This post is part of a series of tutorials on C++
There are two additional concepts to expand on from my previous post on assignment operators.
The first is a nasty edge case. What happens (or rather, should happen) if one assigns a variable to itself? Let’s consider the template we previously introduced:
Taken from our example, we had:
*this happen to be the same member, this code’s execution will be innocuous. Each of assignments for the three letters will simply do redundant work. But, in practice, assignment can do some significantly more complicated things with memory. Some of these can just be expensive and we want to avoid them. Others might clear out memory before copying. It’s not unusual to see code like this:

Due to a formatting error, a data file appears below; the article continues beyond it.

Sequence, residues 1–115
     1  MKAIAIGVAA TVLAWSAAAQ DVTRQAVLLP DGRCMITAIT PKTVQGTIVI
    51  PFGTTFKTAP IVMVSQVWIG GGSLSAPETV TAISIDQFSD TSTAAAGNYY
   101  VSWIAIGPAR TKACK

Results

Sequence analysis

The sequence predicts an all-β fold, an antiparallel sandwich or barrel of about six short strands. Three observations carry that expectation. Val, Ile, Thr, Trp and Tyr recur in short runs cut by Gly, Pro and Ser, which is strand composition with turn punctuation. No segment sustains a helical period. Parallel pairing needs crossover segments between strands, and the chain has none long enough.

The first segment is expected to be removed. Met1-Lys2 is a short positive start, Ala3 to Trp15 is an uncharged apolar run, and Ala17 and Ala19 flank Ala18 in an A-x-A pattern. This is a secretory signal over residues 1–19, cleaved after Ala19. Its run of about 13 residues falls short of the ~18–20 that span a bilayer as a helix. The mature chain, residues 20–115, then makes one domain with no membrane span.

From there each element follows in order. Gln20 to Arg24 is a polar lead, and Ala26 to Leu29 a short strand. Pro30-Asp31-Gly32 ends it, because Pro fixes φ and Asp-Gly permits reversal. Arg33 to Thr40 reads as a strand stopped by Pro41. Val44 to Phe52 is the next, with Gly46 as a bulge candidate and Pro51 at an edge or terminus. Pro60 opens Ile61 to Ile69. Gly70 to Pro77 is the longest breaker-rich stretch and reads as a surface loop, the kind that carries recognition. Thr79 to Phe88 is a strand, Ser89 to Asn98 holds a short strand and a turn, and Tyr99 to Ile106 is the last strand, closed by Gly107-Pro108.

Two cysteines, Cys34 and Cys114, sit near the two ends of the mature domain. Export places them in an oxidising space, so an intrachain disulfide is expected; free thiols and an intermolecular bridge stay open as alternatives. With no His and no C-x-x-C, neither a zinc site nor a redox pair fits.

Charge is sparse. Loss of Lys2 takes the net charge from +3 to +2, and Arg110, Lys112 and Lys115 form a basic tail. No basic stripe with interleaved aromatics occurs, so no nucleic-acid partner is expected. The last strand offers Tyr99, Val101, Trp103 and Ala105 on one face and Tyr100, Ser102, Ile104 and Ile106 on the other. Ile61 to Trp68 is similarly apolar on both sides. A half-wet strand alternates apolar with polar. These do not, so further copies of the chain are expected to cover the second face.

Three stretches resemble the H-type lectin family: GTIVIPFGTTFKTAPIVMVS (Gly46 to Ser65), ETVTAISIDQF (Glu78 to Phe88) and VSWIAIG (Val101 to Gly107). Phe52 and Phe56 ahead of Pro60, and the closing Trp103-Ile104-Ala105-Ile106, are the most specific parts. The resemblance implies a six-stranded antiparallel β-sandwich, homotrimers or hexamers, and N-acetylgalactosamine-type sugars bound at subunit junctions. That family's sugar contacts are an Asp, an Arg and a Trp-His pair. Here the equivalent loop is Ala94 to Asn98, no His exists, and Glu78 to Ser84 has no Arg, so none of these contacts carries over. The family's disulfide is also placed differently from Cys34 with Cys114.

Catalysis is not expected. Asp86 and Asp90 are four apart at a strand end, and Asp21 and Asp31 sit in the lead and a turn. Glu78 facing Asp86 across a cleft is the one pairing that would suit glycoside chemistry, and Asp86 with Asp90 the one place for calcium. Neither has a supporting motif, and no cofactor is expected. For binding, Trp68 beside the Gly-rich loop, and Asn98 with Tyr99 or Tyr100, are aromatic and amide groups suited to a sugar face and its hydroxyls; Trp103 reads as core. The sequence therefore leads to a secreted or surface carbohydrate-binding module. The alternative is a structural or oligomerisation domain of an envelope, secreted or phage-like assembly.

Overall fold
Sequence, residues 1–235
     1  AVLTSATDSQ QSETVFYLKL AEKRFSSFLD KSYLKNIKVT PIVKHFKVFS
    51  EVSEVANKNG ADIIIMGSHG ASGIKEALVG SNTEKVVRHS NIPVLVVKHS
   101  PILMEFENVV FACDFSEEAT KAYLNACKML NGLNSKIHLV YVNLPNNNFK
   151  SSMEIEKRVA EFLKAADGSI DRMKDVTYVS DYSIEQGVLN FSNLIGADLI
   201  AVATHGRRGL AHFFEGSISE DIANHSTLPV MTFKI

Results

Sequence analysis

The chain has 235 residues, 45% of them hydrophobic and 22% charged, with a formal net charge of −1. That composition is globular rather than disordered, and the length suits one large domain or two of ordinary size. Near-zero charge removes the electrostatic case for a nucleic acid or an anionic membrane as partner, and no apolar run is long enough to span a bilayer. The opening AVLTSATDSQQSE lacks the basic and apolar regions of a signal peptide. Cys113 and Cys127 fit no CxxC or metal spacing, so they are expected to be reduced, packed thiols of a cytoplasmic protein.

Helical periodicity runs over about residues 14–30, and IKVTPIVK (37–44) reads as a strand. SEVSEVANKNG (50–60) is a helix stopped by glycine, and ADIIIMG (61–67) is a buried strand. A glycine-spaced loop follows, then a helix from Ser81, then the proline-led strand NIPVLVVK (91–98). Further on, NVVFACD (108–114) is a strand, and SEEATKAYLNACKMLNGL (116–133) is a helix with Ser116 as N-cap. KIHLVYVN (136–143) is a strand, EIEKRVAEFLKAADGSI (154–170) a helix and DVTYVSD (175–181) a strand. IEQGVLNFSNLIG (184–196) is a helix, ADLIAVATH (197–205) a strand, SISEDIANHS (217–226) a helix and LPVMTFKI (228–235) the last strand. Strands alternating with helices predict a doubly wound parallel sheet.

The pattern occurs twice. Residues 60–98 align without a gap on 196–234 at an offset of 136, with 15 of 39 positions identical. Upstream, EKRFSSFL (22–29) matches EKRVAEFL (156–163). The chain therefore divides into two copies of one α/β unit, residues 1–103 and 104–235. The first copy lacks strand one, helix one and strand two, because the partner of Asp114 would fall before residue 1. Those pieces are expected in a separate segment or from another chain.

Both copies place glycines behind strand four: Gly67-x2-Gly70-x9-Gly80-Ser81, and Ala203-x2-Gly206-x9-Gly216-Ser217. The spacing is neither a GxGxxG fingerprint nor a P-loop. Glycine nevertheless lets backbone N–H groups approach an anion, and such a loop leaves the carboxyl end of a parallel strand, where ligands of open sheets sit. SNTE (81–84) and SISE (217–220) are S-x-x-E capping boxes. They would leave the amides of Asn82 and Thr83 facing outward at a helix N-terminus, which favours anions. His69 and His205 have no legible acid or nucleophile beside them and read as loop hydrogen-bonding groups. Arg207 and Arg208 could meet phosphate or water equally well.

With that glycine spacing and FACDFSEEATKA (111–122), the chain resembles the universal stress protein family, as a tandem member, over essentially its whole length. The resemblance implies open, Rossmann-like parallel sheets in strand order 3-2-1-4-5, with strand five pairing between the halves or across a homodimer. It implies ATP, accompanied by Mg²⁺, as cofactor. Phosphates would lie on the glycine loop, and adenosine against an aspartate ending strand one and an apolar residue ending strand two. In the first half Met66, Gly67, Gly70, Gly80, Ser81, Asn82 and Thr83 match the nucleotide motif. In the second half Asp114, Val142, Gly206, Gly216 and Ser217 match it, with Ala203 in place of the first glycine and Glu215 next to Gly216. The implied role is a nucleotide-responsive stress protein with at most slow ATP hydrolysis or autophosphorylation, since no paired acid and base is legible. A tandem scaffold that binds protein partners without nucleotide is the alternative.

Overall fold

rhs is the same thing as
*this, the above would inadvertently delete
rhs too (through the non-const access provided by
this). The copy from
rhs would fail entirely and likely cause some terrible seg fault.
Therefore, your assignment operator should always first check for self-assignment. It’s slightly more expensive, but often will save you huge amounts of time debugging a nasty situation you didn’t expect. And, it’s easy to do:
A second concept worth being away of is a fancy way to think about what an assignment operator should be doing in the first place. This is called the copy-and-swap assignment, which if coded correctly, provides lots of nice guarantees and can be efficient at reusing memory. It’s form looks like this:
Note that the parameter
rhs is no longer passed by
const reference, but that’s usually OK. For more information, see: c++ - What is the copy-swap idiom (stackoverflow.com).
If you’re going to work with more complex types that are managing memory themselves, you’ll also want to understand c++ - What are move semantics (stackoverflow.com).